Thayer County Health Services CEO Brian Rokusek said he and his staff’s mission is not just about medical procedures.
“We’re in the people business that just happens to provide health care to those who need them,” Rokusek said while explaining TCHS’s many services that includes orthopedics for joints, like knees and shoulders, but also hands, feet and elbows.
Rokusek mentioned the hospital’s oncology (cancer treatments and chemotherapy), obstetrics (prenatal care to birth with Dr. Meyers) and chronic pain management four times per month that doesn’t always rely on pharmaceutical remedies.
“Dr. Birthi is big on stretching and conventional pain management. He’s been very well received,” Rokusek said.
Another primary focus of the hospital is education and preventative services. He believes the public should be screened to take advantage of preventative services TCHS has to offer.
“Everyone knows someone who didn’t have preventative care and then they end up with cancers we would have caught earlier,” Rokusek said as TCHS was offering its reduced lab screenings. Many folks take advantage of the reduced lab.
“Anytime we can catch something earlier, it’s a better outcome,” he said.
Education also comes in through other TCHS activities, such as Women’s Health Night, scheduled for Oct. 26 in Deshler, beginning at 5:30 p.m. The theme is “Movement is Medicine.”
Vendors and provider discussions, along with free food and door prizes are slated for the free event.
Lucy Kuhlman, health and wellness coordinator, is putting a great program together for Women’s Night, Rokusek added.
“October is also breast cancer awareness month,” he said.
Additional upcoming activities are Oct. 10-14 Drive-Thru Flu Clinics in Hebron, Davenport, Bruning and Chester; TCHS Senior Health Symposium Nov. 10 at the Stastny Community Center from 11 a.m. to 2 p.m.; and the Hospital Foundation Gala at the Stastny Nov. 13, formerly deemed the “Variety Show.”
The Senior Health Symposium, a first for TCHS, will connect seniors and caregivers to services, like Meals on Wheels and Medicare. The hospital employs State Health Insurance Assistance Program or SHIP counselors to help seniors choose Medicare plans and the Part D prescription plan. Thayer County Veterans Service Officer John Luongo will also be at the symposium.
“That helps fulfill our overall mission for education services,” Rokusek said.
The hospital, re-certified a Level IV Trauma Center for the third time (certifications are every four years), is adding a bulk Blue Oxygen Storage tank near the parking lot, which is expected to completed by the end of 2022.
Rokusek touched on Thayer County Pharmacy s well.
“The pharmacy facade is done except for sealing the brick,” he said. “We will begin remodeling the retail section Oct. 15 to be completed in December,” he explained.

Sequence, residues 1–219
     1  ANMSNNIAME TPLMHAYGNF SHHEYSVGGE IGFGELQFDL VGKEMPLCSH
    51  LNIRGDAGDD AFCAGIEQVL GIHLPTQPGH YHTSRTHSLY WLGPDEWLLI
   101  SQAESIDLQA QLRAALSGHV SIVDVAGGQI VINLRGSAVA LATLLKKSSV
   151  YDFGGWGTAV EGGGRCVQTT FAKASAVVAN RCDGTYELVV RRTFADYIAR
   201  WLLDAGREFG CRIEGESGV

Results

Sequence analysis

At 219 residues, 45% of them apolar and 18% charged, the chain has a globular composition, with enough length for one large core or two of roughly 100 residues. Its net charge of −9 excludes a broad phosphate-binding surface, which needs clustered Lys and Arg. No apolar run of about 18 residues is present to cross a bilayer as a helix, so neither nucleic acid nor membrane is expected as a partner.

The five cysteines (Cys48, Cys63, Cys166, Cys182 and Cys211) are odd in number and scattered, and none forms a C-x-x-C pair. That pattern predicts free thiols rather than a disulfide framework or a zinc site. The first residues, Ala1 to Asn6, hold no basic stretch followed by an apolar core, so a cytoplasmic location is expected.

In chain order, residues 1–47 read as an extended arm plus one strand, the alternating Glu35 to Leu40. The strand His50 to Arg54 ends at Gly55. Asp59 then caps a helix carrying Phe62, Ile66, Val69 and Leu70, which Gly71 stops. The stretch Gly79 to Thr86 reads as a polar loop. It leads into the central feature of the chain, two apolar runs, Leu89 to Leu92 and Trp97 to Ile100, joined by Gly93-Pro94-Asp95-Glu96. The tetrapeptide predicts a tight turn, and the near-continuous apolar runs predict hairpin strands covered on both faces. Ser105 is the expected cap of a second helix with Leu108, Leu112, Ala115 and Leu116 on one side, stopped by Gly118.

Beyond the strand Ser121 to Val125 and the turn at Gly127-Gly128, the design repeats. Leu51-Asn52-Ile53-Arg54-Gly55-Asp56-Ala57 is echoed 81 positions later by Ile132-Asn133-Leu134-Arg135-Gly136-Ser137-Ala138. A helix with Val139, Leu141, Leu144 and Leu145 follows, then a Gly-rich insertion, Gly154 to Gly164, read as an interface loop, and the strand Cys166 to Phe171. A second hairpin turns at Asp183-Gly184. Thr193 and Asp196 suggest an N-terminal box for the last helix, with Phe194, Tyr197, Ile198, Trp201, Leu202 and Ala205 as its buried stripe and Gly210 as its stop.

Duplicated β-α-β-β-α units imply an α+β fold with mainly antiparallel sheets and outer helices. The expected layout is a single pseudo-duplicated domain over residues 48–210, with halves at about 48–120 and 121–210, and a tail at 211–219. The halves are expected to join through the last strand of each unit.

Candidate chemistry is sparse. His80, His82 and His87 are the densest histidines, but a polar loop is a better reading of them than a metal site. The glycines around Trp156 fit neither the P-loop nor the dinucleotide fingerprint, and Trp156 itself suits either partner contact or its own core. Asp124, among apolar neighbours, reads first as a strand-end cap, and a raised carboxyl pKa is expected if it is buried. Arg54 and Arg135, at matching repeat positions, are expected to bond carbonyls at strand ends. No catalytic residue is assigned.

The retail section of the pharmacy will not be open during the remodeling, however, prescriptions will be filled and delivery, that reaches outside of Hebron, will continue.
“We hope in December to have the full retail space available again,” Rokusek said.
Additional projects include reducing noise in the therapy department by adding a drop ceiling; discussion for expanding the specialty clinic and Hebron clinic remodel; and updating the Bruning clinic as well as exploring options for the Deshler clinic.
Returning to TCHS’s trauma designation, Rokusek said the hospital’s location in an agricultural area means they must be prepared because agriculture is a high risk occupation.
Being designated for Level 4 Trauma isn’t the hospital’s only recently received good news — there hasn’t been a fall by patients or staff in the facility for more than a year, and TCHS is being recognized for fall prevention by the Nebraska Hospital Association.
The TCHS facility will receive the Quest for Excellence Award at the NHA Awards Banquet Oct. 19.
The goal of the award is to recognize outcomes in quality performance practices, capabilities and results; facilitate communication and sharing of best practices information among hospitals in Nebraska; and stimulate innovation, knowledge and learning in the creation of strategies, systems and methods of achieving quality excellence in health care.
The hospital’s strategy included forming a Fall Prevention team of leader Stephanie Moody; Ranae Vorderstrasse; Diane Vorderstrasse; Joni Fischer; Shari Fischer; Tammy Hinrichs; Natalie Marsh; Tiffany Schroeder; and Abby Walters.
A lot more thoughts and ideas are on the TCHS horizon, Rokusek said. Some of those are being communicated through a new digital sign on Highway 81 just north of the Sinclair station.
“We want to tell people who we are and what we provide. It fits into the mission of the board of trustees. Kudos to the team and staff,” Rokusek said.